You can use the ASH Sample Resolution drop-down list to control the data resolution of the chart, from the coarsest setting of Low, which shows the fewest data points and has the largest interval between data points, to the finest setting of Maximum, which shows the most data points and has the smallest interval between data points. Note that the higher the setting you choose, the longer it takes Performance Hub to retrieve data and display the chart.
See Active Session History (ASH) in Oracle Database Concepts for more information on Active Session History.
The SQL Monitoring Tab
The SQL statements are only monitored if they've been running for at least five seconds or if they're run in parallel. The table displays monitored SQL statement executions by dimensions including Last Active Time, CPU Time, and Database Time. The table displays currently running SQL statements and SQL statements that completed, failed, or were terminated. The columns in the table provide information for monitored SQL statements including Status, Duration, and SQL ID.
The Status column has the following icons:
- A spinning icon indicates that the SQL statement is executing.
- A green check mark icon indicates that the SQL statement completed its execution during the specified time period.
- A red cross icon indicates that the SQL statement did not complete, either due to an error, or due to the session being terminated.
- A clock icon indicates that the SQL statement is queued.
To terminate a running or queued SQL statement, click Kill Session.
Select the link in the SQL ID column to go to the corresponding Real-time SQL Monitoring page. This page provides additional details to help you tune the selected SQL statement.
The Blocking Sessions Tab
This tab lists sessions that are waiting or are blocked by sessions that are waiting. You can set the minimum wait time required for sessions to be displayed in the list, and you can view a variety of information about a session to determine whether to let it continue or to kill it. You access this information by clicking the links in columns of the table row for the session:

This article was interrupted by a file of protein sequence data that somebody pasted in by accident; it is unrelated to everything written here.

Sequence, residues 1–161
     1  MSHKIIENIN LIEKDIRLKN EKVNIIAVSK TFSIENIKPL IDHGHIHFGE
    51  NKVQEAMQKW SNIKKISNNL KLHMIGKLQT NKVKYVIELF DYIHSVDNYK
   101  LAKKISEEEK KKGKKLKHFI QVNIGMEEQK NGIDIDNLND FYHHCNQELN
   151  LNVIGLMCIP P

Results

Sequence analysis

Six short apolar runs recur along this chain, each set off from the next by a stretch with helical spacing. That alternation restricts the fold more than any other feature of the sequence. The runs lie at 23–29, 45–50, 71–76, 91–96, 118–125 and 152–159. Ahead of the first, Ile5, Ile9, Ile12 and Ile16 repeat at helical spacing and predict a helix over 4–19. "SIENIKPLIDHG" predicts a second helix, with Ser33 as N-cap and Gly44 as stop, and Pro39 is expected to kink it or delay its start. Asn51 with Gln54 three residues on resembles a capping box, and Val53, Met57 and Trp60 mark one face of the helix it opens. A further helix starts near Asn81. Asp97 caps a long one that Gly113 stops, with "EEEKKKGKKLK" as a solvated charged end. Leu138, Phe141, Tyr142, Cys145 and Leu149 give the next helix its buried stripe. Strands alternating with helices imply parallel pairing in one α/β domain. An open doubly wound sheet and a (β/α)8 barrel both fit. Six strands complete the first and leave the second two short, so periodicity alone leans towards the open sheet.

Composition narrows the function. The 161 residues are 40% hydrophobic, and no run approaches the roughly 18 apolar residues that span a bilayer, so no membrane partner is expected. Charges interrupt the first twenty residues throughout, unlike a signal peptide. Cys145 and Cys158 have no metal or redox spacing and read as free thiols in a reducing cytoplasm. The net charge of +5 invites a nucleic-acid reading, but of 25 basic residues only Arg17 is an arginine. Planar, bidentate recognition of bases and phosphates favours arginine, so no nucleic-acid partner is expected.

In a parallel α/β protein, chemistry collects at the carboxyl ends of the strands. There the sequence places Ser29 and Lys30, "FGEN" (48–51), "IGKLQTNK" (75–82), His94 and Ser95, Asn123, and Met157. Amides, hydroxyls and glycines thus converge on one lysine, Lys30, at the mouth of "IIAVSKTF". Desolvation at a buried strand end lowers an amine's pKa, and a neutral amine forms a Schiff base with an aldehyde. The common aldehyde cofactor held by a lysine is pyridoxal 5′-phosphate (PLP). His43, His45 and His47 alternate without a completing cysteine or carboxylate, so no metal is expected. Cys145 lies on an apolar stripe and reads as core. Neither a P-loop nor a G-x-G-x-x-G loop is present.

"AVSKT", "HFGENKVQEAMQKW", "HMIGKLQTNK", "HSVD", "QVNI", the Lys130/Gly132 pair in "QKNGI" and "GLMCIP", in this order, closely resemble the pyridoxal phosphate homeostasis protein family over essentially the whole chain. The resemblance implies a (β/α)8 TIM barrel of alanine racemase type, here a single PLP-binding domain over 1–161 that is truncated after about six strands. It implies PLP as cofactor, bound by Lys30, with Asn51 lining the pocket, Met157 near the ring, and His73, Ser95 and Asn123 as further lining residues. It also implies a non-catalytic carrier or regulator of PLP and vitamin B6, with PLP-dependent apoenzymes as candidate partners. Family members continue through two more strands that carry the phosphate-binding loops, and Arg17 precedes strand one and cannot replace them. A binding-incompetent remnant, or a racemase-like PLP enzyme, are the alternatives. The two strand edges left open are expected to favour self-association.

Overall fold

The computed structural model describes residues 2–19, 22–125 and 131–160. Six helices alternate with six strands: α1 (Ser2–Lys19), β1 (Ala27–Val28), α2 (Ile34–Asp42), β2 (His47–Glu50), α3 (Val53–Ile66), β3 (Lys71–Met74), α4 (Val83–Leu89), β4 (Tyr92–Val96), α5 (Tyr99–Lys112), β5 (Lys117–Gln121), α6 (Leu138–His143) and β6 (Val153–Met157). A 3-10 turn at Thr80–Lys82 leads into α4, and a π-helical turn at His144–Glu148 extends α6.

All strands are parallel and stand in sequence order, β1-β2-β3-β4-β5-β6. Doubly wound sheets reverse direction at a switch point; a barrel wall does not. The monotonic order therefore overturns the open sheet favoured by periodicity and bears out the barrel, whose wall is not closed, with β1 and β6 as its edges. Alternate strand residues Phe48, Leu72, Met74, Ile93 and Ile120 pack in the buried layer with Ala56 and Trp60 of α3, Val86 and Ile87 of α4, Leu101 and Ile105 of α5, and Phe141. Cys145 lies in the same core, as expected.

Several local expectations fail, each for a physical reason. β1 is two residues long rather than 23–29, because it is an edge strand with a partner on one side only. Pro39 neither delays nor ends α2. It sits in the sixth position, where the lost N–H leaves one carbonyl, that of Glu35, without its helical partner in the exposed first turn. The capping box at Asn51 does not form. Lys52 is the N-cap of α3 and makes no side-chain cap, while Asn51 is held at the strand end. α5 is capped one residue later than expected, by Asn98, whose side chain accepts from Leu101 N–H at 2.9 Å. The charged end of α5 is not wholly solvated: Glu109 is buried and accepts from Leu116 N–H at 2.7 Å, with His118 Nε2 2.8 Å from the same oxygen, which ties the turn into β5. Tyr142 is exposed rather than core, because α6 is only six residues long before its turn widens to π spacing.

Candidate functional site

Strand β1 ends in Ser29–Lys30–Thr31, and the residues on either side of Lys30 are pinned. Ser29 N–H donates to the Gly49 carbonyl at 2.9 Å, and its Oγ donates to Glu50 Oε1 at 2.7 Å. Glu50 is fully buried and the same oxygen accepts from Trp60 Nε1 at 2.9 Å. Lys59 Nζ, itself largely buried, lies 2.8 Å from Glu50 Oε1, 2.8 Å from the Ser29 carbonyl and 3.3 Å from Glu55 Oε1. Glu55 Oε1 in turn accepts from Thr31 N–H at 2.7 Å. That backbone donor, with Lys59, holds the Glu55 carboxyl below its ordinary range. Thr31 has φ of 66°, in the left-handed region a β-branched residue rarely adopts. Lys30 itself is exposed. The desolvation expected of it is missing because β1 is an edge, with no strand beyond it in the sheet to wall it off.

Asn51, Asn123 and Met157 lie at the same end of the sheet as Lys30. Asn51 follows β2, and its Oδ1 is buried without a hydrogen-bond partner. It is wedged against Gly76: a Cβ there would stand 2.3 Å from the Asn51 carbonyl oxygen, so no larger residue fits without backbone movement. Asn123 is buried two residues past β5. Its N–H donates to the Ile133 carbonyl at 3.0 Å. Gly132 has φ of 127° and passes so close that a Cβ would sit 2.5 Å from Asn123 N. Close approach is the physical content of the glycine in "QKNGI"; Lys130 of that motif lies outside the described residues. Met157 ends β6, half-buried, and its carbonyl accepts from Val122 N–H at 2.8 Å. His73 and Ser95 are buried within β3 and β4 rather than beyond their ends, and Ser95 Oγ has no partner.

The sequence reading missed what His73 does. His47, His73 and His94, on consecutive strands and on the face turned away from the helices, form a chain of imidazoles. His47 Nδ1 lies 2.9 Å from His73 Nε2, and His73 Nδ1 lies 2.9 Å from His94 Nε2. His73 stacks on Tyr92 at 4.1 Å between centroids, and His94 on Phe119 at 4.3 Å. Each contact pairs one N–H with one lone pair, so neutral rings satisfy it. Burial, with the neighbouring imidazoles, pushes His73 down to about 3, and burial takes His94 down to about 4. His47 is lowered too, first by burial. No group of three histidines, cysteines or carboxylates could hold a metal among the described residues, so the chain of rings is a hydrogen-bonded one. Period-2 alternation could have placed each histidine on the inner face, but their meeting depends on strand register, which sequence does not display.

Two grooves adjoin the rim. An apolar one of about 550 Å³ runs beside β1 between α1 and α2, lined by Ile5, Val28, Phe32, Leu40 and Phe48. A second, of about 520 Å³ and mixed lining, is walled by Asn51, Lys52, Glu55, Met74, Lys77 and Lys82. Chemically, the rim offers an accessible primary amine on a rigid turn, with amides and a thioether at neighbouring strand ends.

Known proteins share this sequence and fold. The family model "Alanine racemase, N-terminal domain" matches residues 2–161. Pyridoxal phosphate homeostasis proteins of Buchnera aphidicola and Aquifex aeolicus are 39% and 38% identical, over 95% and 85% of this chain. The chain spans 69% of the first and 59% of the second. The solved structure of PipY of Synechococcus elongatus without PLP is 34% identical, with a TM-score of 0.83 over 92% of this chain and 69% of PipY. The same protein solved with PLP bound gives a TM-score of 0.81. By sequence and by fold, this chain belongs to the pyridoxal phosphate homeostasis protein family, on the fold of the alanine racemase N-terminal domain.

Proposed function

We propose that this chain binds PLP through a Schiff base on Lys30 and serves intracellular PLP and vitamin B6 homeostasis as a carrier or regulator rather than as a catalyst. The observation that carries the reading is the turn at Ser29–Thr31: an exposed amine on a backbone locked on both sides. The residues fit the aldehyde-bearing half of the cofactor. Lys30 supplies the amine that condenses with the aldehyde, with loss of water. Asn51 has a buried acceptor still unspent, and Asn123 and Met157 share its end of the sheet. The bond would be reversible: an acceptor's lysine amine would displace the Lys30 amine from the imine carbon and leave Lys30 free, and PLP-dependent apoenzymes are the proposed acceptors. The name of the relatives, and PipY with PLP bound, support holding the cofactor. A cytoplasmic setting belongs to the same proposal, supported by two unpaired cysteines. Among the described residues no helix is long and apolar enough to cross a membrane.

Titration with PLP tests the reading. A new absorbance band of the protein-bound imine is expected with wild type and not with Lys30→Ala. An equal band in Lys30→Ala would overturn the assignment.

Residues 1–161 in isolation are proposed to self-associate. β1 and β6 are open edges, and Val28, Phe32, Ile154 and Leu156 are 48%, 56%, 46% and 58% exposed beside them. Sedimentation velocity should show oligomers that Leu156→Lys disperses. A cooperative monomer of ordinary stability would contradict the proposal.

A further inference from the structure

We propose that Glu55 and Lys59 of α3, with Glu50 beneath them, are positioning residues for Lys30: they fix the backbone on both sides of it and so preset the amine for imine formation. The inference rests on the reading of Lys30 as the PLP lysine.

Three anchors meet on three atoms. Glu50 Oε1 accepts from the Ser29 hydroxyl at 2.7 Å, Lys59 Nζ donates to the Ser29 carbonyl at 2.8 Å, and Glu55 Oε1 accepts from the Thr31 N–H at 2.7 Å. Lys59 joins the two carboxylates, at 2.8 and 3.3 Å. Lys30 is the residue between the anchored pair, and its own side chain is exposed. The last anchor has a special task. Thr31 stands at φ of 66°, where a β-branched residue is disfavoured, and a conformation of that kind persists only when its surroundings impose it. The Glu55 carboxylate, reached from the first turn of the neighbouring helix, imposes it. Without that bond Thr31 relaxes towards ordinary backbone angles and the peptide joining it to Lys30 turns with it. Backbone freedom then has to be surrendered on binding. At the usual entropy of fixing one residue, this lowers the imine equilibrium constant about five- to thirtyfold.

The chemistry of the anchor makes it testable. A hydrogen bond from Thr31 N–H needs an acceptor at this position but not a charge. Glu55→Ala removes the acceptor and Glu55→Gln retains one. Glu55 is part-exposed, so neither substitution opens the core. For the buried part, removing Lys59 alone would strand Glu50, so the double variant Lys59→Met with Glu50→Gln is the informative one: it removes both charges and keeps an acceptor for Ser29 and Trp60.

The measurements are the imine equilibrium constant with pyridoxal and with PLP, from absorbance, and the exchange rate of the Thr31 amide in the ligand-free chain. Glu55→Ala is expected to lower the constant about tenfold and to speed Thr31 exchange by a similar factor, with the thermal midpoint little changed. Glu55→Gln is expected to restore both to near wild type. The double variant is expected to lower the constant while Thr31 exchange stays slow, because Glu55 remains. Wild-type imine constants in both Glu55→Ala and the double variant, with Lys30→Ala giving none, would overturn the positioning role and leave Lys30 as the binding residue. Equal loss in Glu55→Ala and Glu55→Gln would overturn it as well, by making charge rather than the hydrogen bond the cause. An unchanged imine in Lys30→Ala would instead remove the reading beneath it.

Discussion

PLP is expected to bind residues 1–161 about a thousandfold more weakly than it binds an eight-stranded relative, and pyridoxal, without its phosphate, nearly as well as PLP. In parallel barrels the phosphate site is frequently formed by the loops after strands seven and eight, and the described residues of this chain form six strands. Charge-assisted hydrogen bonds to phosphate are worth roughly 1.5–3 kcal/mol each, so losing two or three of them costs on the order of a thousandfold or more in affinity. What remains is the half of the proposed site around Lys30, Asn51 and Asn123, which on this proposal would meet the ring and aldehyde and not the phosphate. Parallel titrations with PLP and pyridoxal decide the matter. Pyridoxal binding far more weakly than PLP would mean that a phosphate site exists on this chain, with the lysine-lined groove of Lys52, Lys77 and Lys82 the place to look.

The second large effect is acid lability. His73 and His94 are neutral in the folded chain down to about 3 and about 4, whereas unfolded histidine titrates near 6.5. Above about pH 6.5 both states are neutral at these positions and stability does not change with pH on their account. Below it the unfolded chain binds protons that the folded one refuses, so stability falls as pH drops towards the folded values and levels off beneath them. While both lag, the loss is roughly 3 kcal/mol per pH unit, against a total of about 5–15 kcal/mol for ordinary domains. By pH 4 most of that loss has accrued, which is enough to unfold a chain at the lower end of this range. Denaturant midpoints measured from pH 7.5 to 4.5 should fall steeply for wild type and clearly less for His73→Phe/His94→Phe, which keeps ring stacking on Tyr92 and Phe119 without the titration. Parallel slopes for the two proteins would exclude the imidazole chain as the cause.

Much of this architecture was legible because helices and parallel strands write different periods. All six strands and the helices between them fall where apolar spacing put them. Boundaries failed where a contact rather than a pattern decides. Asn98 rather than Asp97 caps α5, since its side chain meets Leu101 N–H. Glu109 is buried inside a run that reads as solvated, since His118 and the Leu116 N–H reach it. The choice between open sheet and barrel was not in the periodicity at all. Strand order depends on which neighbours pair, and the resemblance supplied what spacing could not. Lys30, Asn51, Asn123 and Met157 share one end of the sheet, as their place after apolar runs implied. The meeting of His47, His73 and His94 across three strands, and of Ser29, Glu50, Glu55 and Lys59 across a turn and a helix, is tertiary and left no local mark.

Lock column: click the name of the lock type to display the Wait Event Details dialog box.
Wait Event column: click the name of the wait event to display the Session Lock Information dialog box.
User Session column: click the session identifier to display the Session Details page.
SQL ID column: click the SQL ID to display the SQL Details page.
After researching a session, you can kill it by selecting the checkbox at the start of the session's table row and then clicking Kill Session. A confirmation dialog is displayed, requesting you to confirm the kill operation.
The Workload Tab
This tab shows four chart areas that show the workload on the database in various ways:
CPU Statistics: Charts CPU usage as measured by the statistic you select:
CPU Time: Shows how many CPU seconds are being used per second by the database's foreground sessions.
CPU Utilization (%): Shows the CPU usage of all the database's consumer groups as a percentage of the number of CPUs the database is allowed to use.
Wait Time Statistics: Shows the wait time across the database's foreground sessions, divided by wait classes.
Workload Profile: Charts user (client) workload on the database as measured by the statistic you select:
User Calls and Transactions: Shows the User Calls, Executions and Transactions statistics in a single, consolidated chart.
User Calls: Shows the number of user calls (such as login, parse, fetch, or execute) per second.
Executions: Shows the number of executed SQL statements per second, whether initiated directly by a user or recursively.
Transactions: Shows the combined number of user commits and user rollbacks per second.
Parses: Shows the combined number of hard and soft parses per second.
Running Statements: Shows the number of running SQL statements across all the database's consumer groups.
Queued Statements: Shows the number of queued parallel SQL statements across all the database's consumer groups.
Current Logons: Shows the number of current successful logons.
Sessions: Shows the number of sessions.